My Winnipeg is a 2007 film directed and written by Guy Maddin with dialogue by George Toles. Described by Maddin as a "docu-fantasia", that melds "personal history, civic tragedy, and mystical hypothesizing", the film is a surrealist mockumentary about Winnipeg, Maddin's home town. A New York Times article described the film's unconventional take on the documentary style by noting that it "skates along an icy edge between dreams and lucidity, fact and fiction, cinema and psychotherapy".
|Directed by||Guy Maddin|
|Produced by||Michael Burns|
|Written by||Guy Maddin|
George Toles (dialogue)
|Narrated by||Guy Maddin|
|Music by||Jason Staczek|
|Edited by||John Gurdebeke|
My Winnipeg began when Maddin was commissioned by the Documentary Channel, and originally titled Love Me, Love My Winnipeg. Maddin's producer directed "Don't give me the frozen hellhole everyone knows that Winnipeg is", so Maddin cast Darcy Fehr in the role of "Guy Maddin" and structured the documentary around a metafictional plot that mythologizes the city and Maddin's autobiography.
Although ostensibly a documentary, My Winnipeg contains a series of fictional episodes and an overall story trajectory concerning the author-narrator-character "Guy Maddin" and his desire to produce the film as a way to finally leave/escape the city of Winnipeg. "Guy Maddin" is played by Darcy Fehr but voiced by Maddin himself (in narration): Fehr appears groggily trying to rouse himself from sleep aboard a jostling train as Maddin wonders aloud "What if?" What if he were able to actually rouse from the sleepy life he lives in Winnipeg and escape? Maddin decides that the only possible escape would be to "film my way out", thus motivating the creation of the "docu-fantasia" already underway.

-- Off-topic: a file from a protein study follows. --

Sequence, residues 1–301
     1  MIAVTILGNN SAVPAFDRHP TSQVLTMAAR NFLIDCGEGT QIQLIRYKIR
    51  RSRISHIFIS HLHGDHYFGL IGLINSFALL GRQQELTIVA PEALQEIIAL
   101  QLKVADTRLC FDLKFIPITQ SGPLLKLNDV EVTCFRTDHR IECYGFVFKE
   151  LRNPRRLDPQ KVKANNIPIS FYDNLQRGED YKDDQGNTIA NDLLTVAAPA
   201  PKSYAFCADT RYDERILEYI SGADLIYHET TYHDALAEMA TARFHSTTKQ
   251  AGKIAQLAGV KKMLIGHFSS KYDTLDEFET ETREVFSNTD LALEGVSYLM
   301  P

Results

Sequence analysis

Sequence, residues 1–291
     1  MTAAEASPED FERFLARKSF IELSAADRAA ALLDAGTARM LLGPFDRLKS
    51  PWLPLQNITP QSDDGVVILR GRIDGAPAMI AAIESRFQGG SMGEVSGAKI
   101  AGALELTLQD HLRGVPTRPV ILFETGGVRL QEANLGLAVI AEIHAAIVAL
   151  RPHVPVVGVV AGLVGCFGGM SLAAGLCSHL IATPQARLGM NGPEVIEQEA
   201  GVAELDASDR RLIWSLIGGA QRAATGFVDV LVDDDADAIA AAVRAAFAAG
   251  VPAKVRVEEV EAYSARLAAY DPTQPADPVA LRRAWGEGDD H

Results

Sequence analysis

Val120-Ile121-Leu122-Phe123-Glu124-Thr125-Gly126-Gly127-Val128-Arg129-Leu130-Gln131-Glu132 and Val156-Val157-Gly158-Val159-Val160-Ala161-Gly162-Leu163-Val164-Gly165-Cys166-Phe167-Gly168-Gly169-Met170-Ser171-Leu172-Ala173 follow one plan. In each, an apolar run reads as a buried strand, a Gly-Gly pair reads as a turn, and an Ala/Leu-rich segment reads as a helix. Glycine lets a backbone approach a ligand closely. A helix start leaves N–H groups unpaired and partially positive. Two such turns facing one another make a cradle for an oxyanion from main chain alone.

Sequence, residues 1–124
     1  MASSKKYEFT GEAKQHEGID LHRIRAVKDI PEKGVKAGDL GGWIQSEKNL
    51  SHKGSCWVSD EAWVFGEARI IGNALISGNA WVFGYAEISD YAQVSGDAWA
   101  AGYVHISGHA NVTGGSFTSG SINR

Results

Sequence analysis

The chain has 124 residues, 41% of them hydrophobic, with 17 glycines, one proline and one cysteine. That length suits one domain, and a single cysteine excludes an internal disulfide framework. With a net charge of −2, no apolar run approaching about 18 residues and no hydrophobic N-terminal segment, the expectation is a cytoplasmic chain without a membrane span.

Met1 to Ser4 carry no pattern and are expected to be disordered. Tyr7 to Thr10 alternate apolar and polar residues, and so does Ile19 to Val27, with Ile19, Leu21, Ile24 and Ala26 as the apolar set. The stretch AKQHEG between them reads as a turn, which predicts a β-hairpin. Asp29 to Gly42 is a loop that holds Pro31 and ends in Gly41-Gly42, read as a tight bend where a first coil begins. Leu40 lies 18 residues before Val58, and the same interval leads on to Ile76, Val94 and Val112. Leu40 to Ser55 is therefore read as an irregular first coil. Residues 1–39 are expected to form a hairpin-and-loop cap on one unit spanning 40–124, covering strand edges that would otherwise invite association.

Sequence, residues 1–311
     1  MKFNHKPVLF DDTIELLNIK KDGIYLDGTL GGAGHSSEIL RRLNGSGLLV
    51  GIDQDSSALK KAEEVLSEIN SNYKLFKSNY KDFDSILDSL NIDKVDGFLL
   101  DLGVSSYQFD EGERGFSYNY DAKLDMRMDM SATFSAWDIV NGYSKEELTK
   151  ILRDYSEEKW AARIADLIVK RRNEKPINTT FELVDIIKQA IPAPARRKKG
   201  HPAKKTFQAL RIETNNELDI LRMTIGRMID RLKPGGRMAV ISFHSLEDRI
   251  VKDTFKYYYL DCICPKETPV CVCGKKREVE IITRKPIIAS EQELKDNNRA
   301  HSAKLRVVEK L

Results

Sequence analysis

Maddin then describes Winnipeg in general terms, introducing it to the viewer, noting primarily its location at the junction of the Red and Assiniboine rivers, a place known as "the Forks". Maddin equates this Y-like junction to a woman's groin and associates it with his mother. Maddin also notes the apocryphal aboriginal myth of a secret "Forks beneath the Forks", an underground river system below the aboveground river system—the superimposition of these two sets of rivers has imbued the site and Winnipeg itself with magical/magnetic/sexual energy. Maddin also notes that Winnipeg is the geographical centre of North America, and thus these secret rivers are "the Heart of the Heart" of the continent and of Canada. Maddin regales the viewer with one of the film's many suspect historical "facts" about Winnipeg: "the Canadian Pacific Railway used to sponsor an annual treasure hunt [that] required our citizens to wander our city in a day-long combing of the streets and neighbourhoods. First prize was a one-way ticket on the next train out of town." No winners in a hundred years could bring themselves to leave the city after coming to know the city so closely over the course of the treasure hunt. Maddin then posits an alternative explanation for Winnipeggers never leaving Winnipeg: sleepiness. He notes that Winnipeg is the sleepwalking capital of the world, with ten times the normal rate of sleepwalking, and that everyone in Winnipeg carries around the keys to their former homes in case they return while asleep. Winnipeg by-laws require that sleepwalkers be allowed to sleep in their old homes by the new tenants.